Inhomogeneous K-function

Estimates the inhomogeneous $K$ function of a non-stationary point pattern.

Kinhom(X, lambda, r = NULL, breaks = NULL, slow = FALSE,
    correction=c("border", "isotropic", "Ripley", "translate"), ...)
The observed data point pattern, from which an estimate of the inhomogeneous $K$ function will be computed. An object of class "ppp" or in a format recognised by as.ppp()
Vector of values of the estimated intensity function, evaluated at the points of the pattern X. Alternatively this may be a matrix: see Details.
vector of values for the argument $r$ at which the inhomogeneous $K$ function should be evaluated. Not normally given by the user; there is a sensible default.
An alternative to the argument r. Not normally invoked by the user. See Details.
Not normally given by the user. Logical flag which selects the algorithm used to compute the inhomogeneous $K$ function. The default (slow=FALSE) is faster than the alternative (slow=TRUE). The slow algorithm is
A character vector containing any selection of the options "border", "bord.modif", "isotropic", "Ripley" or "translate". It specifies the edge correction(s) to be applied.
Currently ignored.

This computes a generalisation of the $K$ function for inhomogeneous point patterns, proposed by Baddeley, Moller and Waagepetersen (2000). The ``ordinary'' $K$ function (variously known as the reduced second order moment function and Ripley's $K$ function), is described under Kest. It is defined only for stationary point processes. The inhomogeneous $K$ function $K_{\rm inhom}(r)$ is a direct generalisation to nonstationary point processes. Suppose $x$ is a point process with non-constant intensity $\lambda(u)$ at each location $u$. Define $K_{\rm inhom}(r)$ to be the expected value, given that $u$ is a point of $x$, of the sum of all terms $1/\lambda(u)\lambda(x_j)$ over all points $x_j$ in the process separated from $u$ by a distance less than $r$. This reduces to the ordinary $K$ function if $\lambda()$ is constant. If $x$ is an inhomogeneous Poisson process with intensity function $\lambda(u)$, then $K_{\rm inhom}(r) = \pi r^2$.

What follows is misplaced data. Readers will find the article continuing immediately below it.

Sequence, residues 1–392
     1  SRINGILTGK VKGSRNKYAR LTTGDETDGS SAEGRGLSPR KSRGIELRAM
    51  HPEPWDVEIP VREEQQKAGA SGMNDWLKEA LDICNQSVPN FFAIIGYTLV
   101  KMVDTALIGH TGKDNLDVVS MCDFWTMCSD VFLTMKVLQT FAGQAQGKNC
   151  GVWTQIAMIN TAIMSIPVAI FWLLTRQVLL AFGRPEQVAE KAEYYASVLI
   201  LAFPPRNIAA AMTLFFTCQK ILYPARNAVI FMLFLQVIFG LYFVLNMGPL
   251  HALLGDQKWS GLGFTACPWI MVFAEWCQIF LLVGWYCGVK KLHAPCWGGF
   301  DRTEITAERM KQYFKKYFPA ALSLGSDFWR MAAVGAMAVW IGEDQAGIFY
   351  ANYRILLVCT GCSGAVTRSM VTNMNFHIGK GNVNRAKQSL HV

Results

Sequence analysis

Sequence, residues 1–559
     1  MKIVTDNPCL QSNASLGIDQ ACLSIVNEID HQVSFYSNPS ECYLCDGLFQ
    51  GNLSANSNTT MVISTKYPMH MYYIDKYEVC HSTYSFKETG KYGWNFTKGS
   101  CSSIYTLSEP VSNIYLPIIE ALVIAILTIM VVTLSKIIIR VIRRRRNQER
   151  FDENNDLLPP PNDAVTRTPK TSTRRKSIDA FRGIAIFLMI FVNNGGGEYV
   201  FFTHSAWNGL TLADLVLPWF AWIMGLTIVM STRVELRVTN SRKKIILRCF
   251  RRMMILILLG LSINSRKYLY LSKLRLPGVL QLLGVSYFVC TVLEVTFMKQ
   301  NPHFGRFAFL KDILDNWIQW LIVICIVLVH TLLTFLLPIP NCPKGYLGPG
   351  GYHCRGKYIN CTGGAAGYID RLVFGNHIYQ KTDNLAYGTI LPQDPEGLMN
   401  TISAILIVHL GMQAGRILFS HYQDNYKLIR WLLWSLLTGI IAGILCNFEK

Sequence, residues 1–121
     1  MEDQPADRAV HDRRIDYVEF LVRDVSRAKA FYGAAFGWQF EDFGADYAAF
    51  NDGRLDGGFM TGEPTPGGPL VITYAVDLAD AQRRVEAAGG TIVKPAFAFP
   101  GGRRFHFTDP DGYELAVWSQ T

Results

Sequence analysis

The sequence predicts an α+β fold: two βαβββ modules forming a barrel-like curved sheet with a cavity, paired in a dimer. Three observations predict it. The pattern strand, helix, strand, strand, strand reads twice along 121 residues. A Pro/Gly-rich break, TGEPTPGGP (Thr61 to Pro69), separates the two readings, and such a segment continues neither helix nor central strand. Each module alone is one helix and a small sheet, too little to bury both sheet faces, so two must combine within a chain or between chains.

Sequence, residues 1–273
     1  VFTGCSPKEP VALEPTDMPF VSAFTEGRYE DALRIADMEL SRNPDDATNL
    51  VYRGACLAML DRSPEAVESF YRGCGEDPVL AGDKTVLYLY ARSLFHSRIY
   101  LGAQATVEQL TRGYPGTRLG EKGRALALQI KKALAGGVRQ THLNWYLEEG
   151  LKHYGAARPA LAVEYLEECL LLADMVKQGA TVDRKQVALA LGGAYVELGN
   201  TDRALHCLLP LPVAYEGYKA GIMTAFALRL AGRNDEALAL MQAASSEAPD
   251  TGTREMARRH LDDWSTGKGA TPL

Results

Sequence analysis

This allows us to inspect a point pattern for evidence of interpoint interactions after allowing for spatial inhomogeneity of the pattern. Values $K_{\rm inhom}(r) > \pi r^2$ are suggestive of clustering.

The argument lambda should be a vector of length equal to the number of points in the pattern X. It will be interpreted as giving the (estimated) values of $\lambda(x_i)$ for each point $x_i$ of the pattern $x$.

Alternatively lambda may be a square matrix of dimensions $n \times n$ where $n$ is the number of points in X. In this case lambda[i,j] will be interpreted as an estimate of $\lambda(x_i)\lambda(x_j)$.

Edge corrections are used to correct bias in the estimation of $K_{\rm inhom}$, in exactly the same way as for the classical $K$ function. See the documentation for Kest. The pair correlation function can also be applied to the result of Kinhom; see pcf.


  • An object of class "fv" (see fv.object). Essentially a data frame containing at least the following columns,
  • rthe vector of values of the argument $r$ at which the pair correlation function $g(r)$ has been estimated
  • theovector of values of $\pi r^2$, the theoretical value of $K_{\rm inhom}(r)$ for an inhomogeneous Poisson process
  • and containing additional columns according to the choice specified in the correction argument. The additional columns are named border, trans and iso and give the estimated values of $K_{\rm inhom}(r)$ using the border correction, translation correction, and Ripley isotropic correction, respectively.


Baddeley, A., Moller, J. and Waagepetersen, R. (2000) Non- and semiparametric estimation of interaction in inhomogeneous point patterns. Statistica Neerlandica 54, 329--350.

See Also

Kest, pcf

  • Kinhom
  # inhomogeneous pattern of maples
  X <- unmark(lansing[lansing$marks == "maple",])
  <testonly>sub <- sample(c(TRUE,FALSE), X$n, replace=TRUE, prob=c(0.1,0.9))
     X <- X[sub , ]</testonly>
  # fit spatial trend
  fit <- ppm(X, ~ polynom(x,y,2), Poisson())
  # predict intensity values at points themselves
  lambda <- predict(fit, locations=X, type="trend")
  # inhomogeneous K function
  Ki <- Kinhom(X, lambda)

  # known intensity function
  lamfun <- function(x,y) { 100 * x }
  # inhomogeneous Poisson process
  Y <- rpoispp(lamfun, 100, owin())
  # evaluate intensity at points of pattern
  lambda <- lamfun(Y$x, Y$y)
  # inhomogeneous K function
  Ki <- Kinhom(Y, lambda)
Documentation reproduced from package spatstat, version 1.5-4, License: GPL version 2 or newer

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